Sex in the limestone city

The sexual disempowerment of women

The issue of sexual disempowerment is a huge problem many women face almost everywhere in the world.

I’m a fairly open person and have no trouble speaking candidly about my sexuality. However, as a woman, I’m still faced with fears and issues regarding my sexual freedom.

Women face many threats to our ability to be sexually free. They are including but not limited to harassment, the fear of no longer being seen as a worthy partner and typically unrealistic body expectations.

People have often mistaken my values regarding sex as correlating with my willingness to discuss it, usually making false assumptions about things that aren’t truly a part of anyone’s business but my own.

These assumptions spiraled to an incident of sexual harassment in which someone I considered a friend tried to force themselves upon me, under the impression that my candid discussions about my sexuality entitled them to approach me in that capacity.

We’re often misled in the concept of virginity and purity as characteristics that give us self-worth and make us deserving of love from another person. Virginity or purity, of course, don’t create self-worth.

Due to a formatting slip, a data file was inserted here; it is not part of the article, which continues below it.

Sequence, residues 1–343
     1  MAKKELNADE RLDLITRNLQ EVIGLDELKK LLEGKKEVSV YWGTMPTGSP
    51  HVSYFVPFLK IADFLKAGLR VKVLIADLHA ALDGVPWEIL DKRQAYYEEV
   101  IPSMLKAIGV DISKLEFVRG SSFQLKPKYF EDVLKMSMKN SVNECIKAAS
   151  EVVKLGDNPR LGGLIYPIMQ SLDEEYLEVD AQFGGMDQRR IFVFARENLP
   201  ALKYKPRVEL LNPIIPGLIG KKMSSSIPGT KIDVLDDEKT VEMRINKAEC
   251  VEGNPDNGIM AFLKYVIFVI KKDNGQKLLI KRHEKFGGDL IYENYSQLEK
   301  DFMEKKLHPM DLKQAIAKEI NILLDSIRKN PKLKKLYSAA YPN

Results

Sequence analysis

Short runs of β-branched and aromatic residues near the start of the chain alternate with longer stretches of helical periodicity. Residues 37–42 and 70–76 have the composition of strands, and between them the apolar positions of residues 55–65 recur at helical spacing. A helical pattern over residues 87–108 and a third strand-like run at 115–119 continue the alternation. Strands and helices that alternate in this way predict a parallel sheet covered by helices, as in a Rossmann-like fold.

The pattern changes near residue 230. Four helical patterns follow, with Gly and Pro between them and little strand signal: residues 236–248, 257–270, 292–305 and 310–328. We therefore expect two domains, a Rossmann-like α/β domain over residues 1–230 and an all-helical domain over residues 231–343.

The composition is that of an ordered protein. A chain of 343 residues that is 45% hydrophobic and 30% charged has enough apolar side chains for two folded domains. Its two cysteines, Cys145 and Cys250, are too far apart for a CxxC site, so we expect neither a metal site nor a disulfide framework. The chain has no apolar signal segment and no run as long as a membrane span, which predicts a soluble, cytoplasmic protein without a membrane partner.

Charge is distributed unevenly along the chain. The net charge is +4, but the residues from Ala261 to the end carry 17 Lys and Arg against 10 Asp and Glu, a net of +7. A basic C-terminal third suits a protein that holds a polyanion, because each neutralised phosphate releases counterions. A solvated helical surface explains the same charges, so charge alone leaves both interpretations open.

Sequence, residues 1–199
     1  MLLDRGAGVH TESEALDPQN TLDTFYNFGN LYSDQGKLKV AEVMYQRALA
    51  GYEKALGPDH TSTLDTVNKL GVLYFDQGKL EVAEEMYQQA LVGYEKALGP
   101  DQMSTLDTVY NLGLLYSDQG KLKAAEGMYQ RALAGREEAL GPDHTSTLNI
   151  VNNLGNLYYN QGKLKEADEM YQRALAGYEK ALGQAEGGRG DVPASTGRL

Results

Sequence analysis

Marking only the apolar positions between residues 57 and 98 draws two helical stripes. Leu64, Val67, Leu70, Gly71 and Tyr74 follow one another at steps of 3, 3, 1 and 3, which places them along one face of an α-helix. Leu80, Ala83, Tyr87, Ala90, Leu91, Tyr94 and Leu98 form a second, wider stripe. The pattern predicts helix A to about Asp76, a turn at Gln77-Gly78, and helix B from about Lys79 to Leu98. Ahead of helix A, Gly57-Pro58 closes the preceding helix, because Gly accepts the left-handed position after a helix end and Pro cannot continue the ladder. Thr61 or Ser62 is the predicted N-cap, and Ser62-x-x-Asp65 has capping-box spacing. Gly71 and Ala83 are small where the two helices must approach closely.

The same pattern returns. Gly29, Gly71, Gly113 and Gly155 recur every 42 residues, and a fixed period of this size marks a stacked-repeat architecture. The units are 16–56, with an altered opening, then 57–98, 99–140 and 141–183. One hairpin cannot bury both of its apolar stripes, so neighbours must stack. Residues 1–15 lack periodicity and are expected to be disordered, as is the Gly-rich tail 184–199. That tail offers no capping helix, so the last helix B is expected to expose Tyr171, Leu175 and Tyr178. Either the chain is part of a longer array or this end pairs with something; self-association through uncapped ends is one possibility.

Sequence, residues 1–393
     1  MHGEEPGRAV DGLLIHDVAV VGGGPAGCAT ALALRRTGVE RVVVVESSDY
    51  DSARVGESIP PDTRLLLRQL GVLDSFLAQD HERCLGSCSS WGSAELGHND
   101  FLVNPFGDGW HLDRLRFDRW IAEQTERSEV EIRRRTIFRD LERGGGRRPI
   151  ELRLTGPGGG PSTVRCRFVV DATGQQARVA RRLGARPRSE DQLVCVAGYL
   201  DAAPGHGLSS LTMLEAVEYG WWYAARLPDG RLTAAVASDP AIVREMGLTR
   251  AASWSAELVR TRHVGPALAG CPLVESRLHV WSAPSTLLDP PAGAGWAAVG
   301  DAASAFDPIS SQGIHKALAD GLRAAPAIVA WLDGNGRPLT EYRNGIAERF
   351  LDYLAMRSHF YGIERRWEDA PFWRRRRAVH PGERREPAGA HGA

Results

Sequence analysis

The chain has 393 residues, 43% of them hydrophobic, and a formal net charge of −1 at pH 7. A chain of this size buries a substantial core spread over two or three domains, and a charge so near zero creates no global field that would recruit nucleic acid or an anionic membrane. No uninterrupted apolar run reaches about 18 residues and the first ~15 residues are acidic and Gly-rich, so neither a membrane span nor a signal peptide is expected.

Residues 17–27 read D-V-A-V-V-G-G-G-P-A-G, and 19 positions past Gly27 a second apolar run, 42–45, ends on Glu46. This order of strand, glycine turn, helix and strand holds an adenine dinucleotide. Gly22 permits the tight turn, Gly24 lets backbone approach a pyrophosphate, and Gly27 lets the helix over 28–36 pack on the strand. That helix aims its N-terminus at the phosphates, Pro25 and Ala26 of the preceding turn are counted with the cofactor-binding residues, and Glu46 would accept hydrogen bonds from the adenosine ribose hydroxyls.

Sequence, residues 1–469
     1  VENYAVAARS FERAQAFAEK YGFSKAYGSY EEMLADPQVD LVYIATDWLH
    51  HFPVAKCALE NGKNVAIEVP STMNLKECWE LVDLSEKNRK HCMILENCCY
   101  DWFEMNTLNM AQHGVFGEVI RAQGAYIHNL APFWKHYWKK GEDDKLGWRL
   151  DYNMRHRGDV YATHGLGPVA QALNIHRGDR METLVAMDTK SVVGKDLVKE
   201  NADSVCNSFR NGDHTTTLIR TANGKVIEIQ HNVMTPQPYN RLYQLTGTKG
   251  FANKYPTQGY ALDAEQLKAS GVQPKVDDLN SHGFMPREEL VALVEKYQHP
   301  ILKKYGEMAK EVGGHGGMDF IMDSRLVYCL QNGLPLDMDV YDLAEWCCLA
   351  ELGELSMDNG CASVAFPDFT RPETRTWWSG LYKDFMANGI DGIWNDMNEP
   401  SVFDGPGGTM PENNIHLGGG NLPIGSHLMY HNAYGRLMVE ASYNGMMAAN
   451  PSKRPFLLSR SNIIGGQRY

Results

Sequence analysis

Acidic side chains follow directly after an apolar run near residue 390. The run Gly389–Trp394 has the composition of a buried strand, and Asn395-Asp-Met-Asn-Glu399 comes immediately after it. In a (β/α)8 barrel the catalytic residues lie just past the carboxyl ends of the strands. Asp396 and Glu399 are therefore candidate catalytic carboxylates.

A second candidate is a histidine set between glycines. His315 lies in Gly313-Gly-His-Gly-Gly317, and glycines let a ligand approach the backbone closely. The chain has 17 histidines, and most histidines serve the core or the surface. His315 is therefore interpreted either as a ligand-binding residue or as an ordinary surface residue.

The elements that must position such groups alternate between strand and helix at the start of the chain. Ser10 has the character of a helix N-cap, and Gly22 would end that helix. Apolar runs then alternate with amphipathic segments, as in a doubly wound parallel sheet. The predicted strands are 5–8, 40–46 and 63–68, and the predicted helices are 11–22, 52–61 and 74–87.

Something that similarly makes it very difficult for women to feel good about themselves sexually is the unrealistic idea of what’s considered “sexy” in terms of body image, influenced by what we see in the media everyday.

Having to see such restricted, unrealistic representations of the “ideal female body” from a young age makes it difficult to overcome insecurities we all have about our ability to feel comfortable in our own bodies.

From the fear of sexual harassment to the unrealistic images portrayed in the media, we’re coming dangerously close to eliminating a woman's sexual freedom and increasing widespread sexual disempowerment.

We need to stop expecting women to be anything more than the humans they are. A woman should have just as much opportunity as men to freely express themselves in a sexual manner without being affected by double standards and other contributing factors from their surrounding society.

We can make this happen by ending behaviours like slut-shaming, using a woman's sexuality against her and measuring a woman's self-worth based on her level of sexuality. We also need to establish a general understanding of more realistic ideologies about the different shapes and sizes of women — none of which are the perfect representation of sexy.

If we can achieve these goals, we can begin to make women feel more comfortable expressing themselves.

—Barrie Cradshaw

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